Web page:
8. Allen says:

    I want to see them mandate this for the police.

    • Toastrider says:

      Ding. Give that man a cigar.

      Of all people, police forces are the ones needing this the most. Are they asking to have their service weapons fitted with this system?

      Anyone? Anyone? Bueller? Bueller?

  9. Allen says:

    Also, genesis.

  10. Woodchuck says:

    There could be a huge liability issue with smart guns. If random RF interference could make them shut down or worse go “bang” without anyone touching the trigger then who would be considered responsible?

    • Matt says:

      I have raised that as major concern which the proponents of the technology seem to be ignoring. What happens when you pull the trigger in a self-defense scenario expecting “BANG!”, get “click” instead and someone dies as a result?

      Regardless of whatever immunity the State may promise legislatively to the “smart gun” company, even the PLCAA doesn’t exempt manufacturers from defects in workmanship or function. So I would expect liability lawsuits to follow shortly thereafter and in the American legal system, I expect many would succeed. That is all it would take to end “smart guns” until the tech matured because the liability risk would bankrupt any company not bringing 99.9% reliable “smart guns” to the market. That would be the standard they have to meet too since that is the low end of a typical well-made pistol today (failure rate of 1 in 1000 or less with 99.99% expected). “Smart guns” are still to the left of the decimal point and no one should gamble their life on a firearm with a 1 in 10 or greater chance of failure.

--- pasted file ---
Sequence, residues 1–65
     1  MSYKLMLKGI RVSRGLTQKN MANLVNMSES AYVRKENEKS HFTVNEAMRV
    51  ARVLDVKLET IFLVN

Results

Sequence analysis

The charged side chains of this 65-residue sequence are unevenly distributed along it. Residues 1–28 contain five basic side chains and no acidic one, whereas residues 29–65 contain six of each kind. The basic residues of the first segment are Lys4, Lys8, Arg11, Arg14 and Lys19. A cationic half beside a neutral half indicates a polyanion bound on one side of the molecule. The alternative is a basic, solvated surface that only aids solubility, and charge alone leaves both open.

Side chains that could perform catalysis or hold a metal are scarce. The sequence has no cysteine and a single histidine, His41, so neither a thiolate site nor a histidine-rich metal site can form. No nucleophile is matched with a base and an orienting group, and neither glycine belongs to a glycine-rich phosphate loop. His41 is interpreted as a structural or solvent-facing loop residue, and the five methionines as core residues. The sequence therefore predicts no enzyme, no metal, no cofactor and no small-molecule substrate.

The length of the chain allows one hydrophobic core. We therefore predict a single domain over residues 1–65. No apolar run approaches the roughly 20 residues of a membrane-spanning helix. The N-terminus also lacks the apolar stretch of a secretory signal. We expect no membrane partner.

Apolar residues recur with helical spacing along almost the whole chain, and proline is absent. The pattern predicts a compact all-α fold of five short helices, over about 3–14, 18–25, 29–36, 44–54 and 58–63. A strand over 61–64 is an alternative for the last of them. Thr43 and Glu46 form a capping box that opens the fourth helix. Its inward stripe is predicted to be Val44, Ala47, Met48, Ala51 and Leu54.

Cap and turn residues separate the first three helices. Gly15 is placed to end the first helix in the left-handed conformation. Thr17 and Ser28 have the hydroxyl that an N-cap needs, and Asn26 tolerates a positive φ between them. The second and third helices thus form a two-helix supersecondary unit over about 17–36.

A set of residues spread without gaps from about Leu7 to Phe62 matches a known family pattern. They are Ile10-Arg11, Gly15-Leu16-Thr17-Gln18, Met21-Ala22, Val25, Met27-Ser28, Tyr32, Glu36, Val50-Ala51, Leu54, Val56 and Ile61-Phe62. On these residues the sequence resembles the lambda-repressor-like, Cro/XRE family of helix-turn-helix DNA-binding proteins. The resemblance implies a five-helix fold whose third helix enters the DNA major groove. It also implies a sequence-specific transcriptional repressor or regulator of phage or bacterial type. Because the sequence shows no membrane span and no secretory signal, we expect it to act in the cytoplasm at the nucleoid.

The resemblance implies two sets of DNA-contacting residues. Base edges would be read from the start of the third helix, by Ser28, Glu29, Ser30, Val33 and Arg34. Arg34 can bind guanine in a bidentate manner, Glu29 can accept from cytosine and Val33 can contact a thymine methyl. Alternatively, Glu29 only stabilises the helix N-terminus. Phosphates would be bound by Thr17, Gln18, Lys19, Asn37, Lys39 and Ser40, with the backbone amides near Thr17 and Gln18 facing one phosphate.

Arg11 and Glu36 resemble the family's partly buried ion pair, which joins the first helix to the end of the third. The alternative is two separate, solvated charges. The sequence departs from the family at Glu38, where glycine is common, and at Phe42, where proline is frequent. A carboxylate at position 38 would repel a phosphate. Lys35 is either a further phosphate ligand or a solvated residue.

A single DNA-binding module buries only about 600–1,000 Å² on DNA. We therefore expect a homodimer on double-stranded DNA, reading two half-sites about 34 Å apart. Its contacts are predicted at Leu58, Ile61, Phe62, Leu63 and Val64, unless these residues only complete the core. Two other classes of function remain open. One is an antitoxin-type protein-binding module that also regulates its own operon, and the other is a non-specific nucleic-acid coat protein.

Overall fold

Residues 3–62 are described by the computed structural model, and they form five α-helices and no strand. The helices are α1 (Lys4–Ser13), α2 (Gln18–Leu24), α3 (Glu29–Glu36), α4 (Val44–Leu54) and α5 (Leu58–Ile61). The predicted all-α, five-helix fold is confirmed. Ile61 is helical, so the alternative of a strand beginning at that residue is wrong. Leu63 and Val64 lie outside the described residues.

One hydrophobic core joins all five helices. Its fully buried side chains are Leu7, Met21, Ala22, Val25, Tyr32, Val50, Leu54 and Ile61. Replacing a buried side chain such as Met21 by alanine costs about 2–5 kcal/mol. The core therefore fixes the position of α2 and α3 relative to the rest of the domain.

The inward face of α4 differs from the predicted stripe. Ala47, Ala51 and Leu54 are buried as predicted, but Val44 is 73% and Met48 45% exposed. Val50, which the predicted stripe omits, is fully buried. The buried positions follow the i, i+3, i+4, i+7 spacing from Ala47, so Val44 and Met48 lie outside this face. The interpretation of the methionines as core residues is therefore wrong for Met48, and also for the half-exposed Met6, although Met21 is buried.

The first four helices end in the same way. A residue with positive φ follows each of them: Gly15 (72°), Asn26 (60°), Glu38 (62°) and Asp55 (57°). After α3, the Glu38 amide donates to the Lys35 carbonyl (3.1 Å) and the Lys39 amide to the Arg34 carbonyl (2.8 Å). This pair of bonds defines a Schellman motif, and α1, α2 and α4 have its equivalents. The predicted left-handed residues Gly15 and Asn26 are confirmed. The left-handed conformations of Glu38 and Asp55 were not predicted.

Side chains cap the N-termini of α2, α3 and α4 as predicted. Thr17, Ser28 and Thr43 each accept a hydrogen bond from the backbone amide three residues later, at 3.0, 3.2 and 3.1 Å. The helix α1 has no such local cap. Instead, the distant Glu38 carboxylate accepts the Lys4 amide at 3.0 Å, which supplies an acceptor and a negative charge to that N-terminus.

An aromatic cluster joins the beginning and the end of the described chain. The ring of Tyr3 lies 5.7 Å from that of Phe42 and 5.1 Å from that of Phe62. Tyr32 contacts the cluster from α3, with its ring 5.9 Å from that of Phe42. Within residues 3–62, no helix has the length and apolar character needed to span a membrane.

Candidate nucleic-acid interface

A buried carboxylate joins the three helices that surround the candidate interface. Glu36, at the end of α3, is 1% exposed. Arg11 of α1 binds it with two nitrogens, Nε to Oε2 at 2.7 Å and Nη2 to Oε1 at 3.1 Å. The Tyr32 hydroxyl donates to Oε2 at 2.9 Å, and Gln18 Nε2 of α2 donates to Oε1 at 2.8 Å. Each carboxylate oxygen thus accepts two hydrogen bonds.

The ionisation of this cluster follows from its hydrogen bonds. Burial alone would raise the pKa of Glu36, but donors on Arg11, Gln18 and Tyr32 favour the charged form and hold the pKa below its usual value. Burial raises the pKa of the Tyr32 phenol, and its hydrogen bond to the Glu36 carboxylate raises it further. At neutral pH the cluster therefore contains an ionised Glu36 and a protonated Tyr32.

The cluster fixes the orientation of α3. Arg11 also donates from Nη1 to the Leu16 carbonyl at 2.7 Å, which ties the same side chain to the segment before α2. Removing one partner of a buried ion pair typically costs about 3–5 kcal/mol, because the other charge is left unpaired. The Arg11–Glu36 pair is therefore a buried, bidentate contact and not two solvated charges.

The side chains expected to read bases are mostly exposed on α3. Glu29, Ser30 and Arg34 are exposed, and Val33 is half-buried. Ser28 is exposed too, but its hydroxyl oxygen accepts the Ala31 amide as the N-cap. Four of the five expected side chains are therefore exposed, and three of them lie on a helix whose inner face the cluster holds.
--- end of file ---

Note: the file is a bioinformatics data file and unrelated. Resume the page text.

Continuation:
Too many bits and decision making hardware/software between the trigger and the end of the barrel. Too many people associate high technology with being “better” than older technology. “It’s newer, it *must* be better!”. There’s a reason why firearms work well and it isn’t because it is “new” technology. It is proven, ruthlessly worked over time, well-established and understood 100+ year old technology. Hell, people don’t believe the AR-15 is 50+ year old design! That’s one of the reasons for its reputation as a reliable, capable rifle. Many, many years (and lives) to iron out the kinks in its design.

      Electronic systems don’t get multiple decades to iron out the “kinks” to achieve reliability. Too many people want to “tinker” and “improve” them. I don’t want my gun to have to get firmware updates and factory recalls (decided against sending my R700 back to Remington, for example). I want it to work. Every time.

  11. Jeff Dege says:

    I just keep thinking back to a story I read back around 1998. An old guy in San Francisco had bought a .38 special revolver around 1950. He’d last fired it around 1968. He’d last cleaned it around 1989. Since then, it’d been in a shoebox under his bed.

    In 1998, some drugged-out thug broke through his door armed with a crowbar and a machete.

    The .38 special worked.

    I’m fine with the idea of battery-powered electronics in my self-defense firearms, just as soon as someone can come up with a design that has 99.9999% reliability after 40 years of zero maintenance.